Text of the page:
I was awestruck by this New York Times’ picture of the rubble of a home destroyed in a recent California wildfire. The charred sculpture seems a haunting symbol of our collective inability to address the challenges we face.
Today’s Conversation explores how unrecognized fears undermine the courage we need to act in our own best interest.
Herman Hesse’s 1922 novel, Siddhartha, portrays Siddhartha’s journey from spiritual seeker to businessman and back. The story provides penetrating insight into the challenges that can derail effectiveness.
After leaving his life as a samana (spiritual mendicant), Siddhartha entered business because he had fallen in love with an elegant courtesan who required expensive gifts.
In his first job interview, Siddhartha was asked why he believed he could manage Kamaswami’s vast estate without any previous business experience. Siddhartha enigmatically replied,
- “I can think,
- I can wait, and
- I can fast.”
Taken in the story’s context, Siddhartha’s reply referred to his confidence that he could conduct business free from greed, hatred, and delusion. Siddhartha radiated charisma and was hired on the spot. In a short time his dispassionate mindset led to a profitable expansion of the business.
At first his previous experience as a spiritual seeker seemed to protect Siddhartha from the karma of his new life. Over time, his detachment from his pastimes of drinking and high-stakes gambling crumbled and he became ensnared by his life choices. One night he left it all and attempted suicide.
Despite his impressive success in business, the storyline suggests that Siddhartha’s quest as a spiritual seeker had not prepared him to successfully reengage in the world. Why not?
When analyzing the reasons for poor outcomes, one should look for an underlying fear that can explain the suboptimal performance (credit this insight to Gus Lee and his book Courage, The Backbone of Leadership). Then, by acting with better awareness of those fears, one can confront challenging situations more effectively.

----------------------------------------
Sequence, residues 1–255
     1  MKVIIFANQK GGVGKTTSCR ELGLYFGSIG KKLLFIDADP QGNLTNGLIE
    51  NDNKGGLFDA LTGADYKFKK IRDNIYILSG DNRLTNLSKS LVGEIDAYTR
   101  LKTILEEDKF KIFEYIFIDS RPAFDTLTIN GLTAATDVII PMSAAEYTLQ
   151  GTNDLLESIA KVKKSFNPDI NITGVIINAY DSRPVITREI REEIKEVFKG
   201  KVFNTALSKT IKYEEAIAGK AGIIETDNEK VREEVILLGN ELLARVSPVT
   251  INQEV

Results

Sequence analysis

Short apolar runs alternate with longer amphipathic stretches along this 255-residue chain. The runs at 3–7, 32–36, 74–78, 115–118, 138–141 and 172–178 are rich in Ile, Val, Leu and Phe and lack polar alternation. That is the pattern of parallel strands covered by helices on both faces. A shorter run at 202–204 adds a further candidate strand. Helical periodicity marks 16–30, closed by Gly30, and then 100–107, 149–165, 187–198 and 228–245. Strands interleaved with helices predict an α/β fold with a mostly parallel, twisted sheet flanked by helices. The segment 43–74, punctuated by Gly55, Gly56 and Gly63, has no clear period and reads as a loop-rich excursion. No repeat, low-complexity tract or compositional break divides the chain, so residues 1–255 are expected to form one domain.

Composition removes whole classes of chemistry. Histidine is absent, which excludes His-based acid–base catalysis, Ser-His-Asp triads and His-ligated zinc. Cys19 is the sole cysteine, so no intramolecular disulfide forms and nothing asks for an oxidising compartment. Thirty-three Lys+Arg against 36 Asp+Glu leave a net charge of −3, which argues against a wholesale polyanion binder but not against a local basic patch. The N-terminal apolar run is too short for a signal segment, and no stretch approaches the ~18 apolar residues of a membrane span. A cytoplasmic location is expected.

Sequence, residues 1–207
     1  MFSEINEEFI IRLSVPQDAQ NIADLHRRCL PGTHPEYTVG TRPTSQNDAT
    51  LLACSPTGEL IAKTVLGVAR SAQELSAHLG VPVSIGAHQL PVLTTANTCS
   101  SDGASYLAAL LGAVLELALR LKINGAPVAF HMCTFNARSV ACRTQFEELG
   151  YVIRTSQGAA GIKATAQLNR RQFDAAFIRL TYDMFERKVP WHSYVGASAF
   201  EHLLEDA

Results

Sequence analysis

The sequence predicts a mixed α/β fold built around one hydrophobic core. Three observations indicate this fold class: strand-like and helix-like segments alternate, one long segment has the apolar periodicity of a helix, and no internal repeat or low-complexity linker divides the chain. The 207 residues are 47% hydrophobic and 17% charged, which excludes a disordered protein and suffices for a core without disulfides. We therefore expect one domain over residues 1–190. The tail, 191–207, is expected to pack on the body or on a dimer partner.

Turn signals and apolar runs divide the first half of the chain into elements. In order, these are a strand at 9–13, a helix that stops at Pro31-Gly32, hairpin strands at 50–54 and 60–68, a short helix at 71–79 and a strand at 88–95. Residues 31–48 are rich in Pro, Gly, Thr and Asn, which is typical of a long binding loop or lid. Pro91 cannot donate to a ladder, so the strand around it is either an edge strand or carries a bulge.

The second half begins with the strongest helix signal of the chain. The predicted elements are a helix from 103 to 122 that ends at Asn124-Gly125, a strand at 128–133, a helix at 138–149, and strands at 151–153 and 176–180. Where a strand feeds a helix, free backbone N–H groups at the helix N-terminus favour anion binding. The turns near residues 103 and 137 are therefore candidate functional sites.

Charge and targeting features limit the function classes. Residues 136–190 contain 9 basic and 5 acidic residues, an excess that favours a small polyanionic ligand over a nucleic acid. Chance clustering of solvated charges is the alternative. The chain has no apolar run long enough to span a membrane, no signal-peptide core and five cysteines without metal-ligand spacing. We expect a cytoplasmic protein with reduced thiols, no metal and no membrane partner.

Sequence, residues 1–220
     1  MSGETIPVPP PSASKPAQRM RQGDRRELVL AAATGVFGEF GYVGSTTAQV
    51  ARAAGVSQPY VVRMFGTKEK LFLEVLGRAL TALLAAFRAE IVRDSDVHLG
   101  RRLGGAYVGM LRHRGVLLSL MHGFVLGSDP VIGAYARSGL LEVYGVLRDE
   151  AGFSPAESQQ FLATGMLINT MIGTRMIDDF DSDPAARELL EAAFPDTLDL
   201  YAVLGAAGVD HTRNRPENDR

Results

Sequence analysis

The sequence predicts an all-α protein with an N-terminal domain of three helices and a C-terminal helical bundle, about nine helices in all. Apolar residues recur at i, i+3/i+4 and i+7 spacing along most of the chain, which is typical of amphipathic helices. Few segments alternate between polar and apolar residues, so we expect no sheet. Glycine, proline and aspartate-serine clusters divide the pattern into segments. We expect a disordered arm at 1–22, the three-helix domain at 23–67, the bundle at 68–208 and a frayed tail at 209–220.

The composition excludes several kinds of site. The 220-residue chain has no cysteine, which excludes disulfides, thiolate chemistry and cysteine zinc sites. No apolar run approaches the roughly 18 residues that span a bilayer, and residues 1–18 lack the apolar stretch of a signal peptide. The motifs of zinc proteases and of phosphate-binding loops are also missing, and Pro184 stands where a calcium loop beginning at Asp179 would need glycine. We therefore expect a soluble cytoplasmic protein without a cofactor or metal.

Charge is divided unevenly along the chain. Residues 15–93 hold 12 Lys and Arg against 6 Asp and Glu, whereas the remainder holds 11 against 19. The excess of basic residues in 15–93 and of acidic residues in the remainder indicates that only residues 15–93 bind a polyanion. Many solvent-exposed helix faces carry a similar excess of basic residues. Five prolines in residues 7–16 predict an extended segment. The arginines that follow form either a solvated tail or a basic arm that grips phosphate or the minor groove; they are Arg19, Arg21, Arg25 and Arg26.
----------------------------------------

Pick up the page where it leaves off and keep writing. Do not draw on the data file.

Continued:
In Siddhartha’s case, a fear of not being “unique enough” created anxieties that made him vulnerable.
- He left his father never to return because of his father’s “conventional” Brahman beliefs which Siddhartha chose not to follow.
- After meeting the Buddha, Siddhartha justified relinquishing the Buddha’s teachings because of the “need to find his own way”.
- Being good at business did not satisfy his need for uniqueness either, so he just “played” at it.
His belief in the importance of being unique also made him particularly susceptible to the charms of a courtesan’s compartmentalized love.
This need to be “unique” caused Siddhartha to undervalue the importance of knowledge already gained. His inability to solidify wisdom as he encountered it led to a life that eventually spiraled out of control.
Gus Lee outlined three steps to uncover the hidden fear that may be sabotaging one’s effectiveness:
- Identify a specific area(s) in which one is underperforming,
- Sort out the potential fears that may be undermining better results and choose which fear seems fundamental, and
- Decide whether the fear justifies one’s approach to the situation.
This exercise is powerful because we almost always exaggerate the potential negative consequences of our under recognized fears. They then become the hobgoblins that hobble our effectiveness.
Here is an example of the usefulness of these three steps in an area of underperformance in my own career:
- For decades I had accepted my strength in mentoring “stars” and my weakness in mentoring “average” employees. My acceptance guaranteed that I would continue to be an average boss for those that I deemed to have average performance. Was there a fear underlying my ineffectiveness? Yes.
- My fear arose from the extreme embarrassment that I imagined I personally would feel if I were just an “average” employee. This led me to greatly exaggerate how uncomfortable others would feel when performance issues were addressed.
- This exaggeration of how bad it might be for them made me blind to the obvious reality that employees want to grow and need skillful counsel when they aren’t doing well at their work.
By recognizing and then addressing the root fear underlying subpar results, one can dramatically improve performance.
Before finishing, I wanted to circle back to the societal ineffectiveness symbolized by the charred sculpture. What societal fears might be driving our current ineffectiveness? We’ll explore that question in the next Conversation.
Tomorrow’s Fix Today™,
Switch Healthcare designs solutions for self-insured employers dissatisfied with the healthcare status quo.
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